I hope when you read, “What is your purpose here?” You can fully envision the scene from Pirates of the Caribbean, Dead Man’s Chest. If not I think the image, below, is linked to a gif. (Hit me with a comment if you know the response to the question from the movie.)
I suppose it’s fair if you are wondering what this has to do with art education…
I met with art collaborative team leads recently and posed a question about the purpose of art CTs. Some quick answers included “to collaborate,” “to share ideas,” and “to share best practices.” Yes, these are reasons we get together, but why do we do these things? Why do we collaborate? Why do we share ideas?
TO IMPROVE STUDENT LEARNING!
I am surrounded by this language all the time in the instructional services department. If a similar question were asked of a group of my central office colleagues we would probably all respond in unison.
This interaction with my art instructional leaders helped me realize that this is a message that I should work harder to promote. It’s a mindset that can impact how we interact with our work. Everything we do should be with the goal of improving student learning.
I admit to being on the fence about some media techniques we teach in elementary art. Take stitchery for example.
Is stitchery a medium and art form artists might choose to express their ideas in an artwork? Absolutely! Is stitchery a useful skill? Sure. Is it a skill all children should learn while in school? In this century, maybe knot (oops, a little mispelling there). Is stitchery a fundamental art skill that must be included in a quality art program? I’m gonna go with no.
I guess this is one of those art vs. craft arguments. I put stitchery in a class with weaving, leatherwork, sewing, basket weaving, carpentry, and pottery (I’m sure there are others). Functional objects are at the core of each of these crafts, yet in every case the skills and materials of the craft can be applied to create meaningful works of art. Where to draw the line is the subject of a long-argued aesthetic debate.
What do you think? I’d like to know.
The amazing, blanket-sized stitchery techniques display shown above was created by one of our passionate stitchery experts in the elementary art program. Thanks, Virginia, for sharing your work with everyone!
I am extremely lucky to work in a school system where we don’t need to worry much about whether or not student’s get art instruction or have art supplies. In fact, I am often focused on raising the level of instruction to be more conceptual and challenge students to think at higher levels — to not simply focus on media and technique, but also teach creative problem solving skills.
The video below, however, is a wonderful reminder of the power of art to bring joy to others, even when it’s just a portrait from a photograph.
Students in one of our high schools participated in the Memory Project by creating portraits of children in orphanages and refugee camps. To learn more about the Memory Project, go to www.memoryproject.org.
Jacqueline S. McElhany has a nice article in the January 2017 edition of Art Education. In Awakening Student Ownership: Transitioning to a Student-Centered Environment, she describes taking some very important steps toward improving the art experience for her students.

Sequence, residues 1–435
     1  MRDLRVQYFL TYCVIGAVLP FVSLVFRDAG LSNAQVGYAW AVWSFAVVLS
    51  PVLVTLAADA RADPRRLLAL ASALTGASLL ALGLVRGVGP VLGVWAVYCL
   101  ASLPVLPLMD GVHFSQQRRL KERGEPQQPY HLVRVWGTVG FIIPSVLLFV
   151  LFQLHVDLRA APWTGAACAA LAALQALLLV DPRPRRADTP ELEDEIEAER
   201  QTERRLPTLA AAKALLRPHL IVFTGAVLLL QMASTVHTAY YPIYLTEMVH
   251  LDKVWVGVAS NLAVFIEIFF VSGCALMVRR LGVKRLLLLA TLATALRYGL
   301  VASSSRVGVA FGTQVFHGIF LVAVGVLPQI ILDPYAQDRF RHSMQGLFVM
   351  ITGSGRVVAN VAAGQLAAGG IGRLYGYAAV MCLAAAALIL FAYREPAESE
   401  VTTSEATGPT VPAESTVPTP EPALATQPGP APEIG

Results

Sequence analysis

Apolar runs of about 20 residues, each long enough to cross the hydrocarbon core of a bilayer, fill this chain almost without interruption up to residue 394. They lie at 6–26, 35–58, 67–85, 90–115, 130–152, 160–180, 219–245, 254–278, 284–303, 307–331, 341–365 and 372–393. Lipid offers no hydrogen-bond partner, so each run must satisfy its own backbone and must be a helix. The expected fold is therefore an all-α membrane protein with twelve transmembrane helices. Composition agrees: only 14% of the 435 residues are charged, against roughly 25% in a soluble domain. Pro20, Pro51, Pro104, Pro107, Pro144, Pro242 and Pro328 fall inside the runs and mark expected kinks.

This transition included the very important step of switching from teacher solved art making assignments, to designing instruction around big ideas — turning over the problem solving to the students.
THIS IS OUTSTANDING, AND A GREAT FIRST STEP!
For this lesson, she told the students they would be “creating their own unique mask sculptures that represented their identity.” The article goes on to describe the delivery of this student-centered lesson in a fair amount of detail. Students were encouraged to explore and experiment, and the teacher served as a “guide on the side.” Again, all good, but I fear there is something missing: INSTRUCTION!
One of the challenges of facilitating student-centered instruction is not going too far. Art instruction can be too restrictive, and it can be too loose (In fact, how tight and how loose can be adjusted in response to the abilities of the students). In every case though, we must balance the open-ended aspects of our lesson with some structure that will result in expected learning outcomes. Turning over every aspect of choice to the students discards the opportunity to teach the students specific content.
As one example, a specific media technique could have be taught (and assessed) through this lesson and it would have been significantly stronger. This would take away the full range of choice of materials from the students, but they could still have a lot of flexibility in the choices they make in addition to using the specific material and technique that is taught and assessed.
So you decide to make an artwork. What materials will you use? How big will it be? What is your chosen subject? What style will you employ?
You haven’t even started, but already you have put a number of restrictions on yourself. Why is this such a natural part of artmaking?
In one of my Big Idea posts, Why Teach with Big Ideas, I mentioned Embrace the Shake, a TED talk by Phil Hansen that addresses the idea of working within limitations. Not all artists have something happen to them (like severe nerve damage) that forces a particular limitation on their artmaking, but whether they know it or not, artists apply limitations to their ways of working all the time.
As educators we should embrace the shake for one very big reason: Working within limitations is the nature of problem solving. I mean, come on… describe a math problem you have ever seen that doesn’t provide parameters?
Consider how you could develop a learning sequence to help students understand that/how artists create restrictions for their artmaking and eventually prepare students for designing their own restrictions.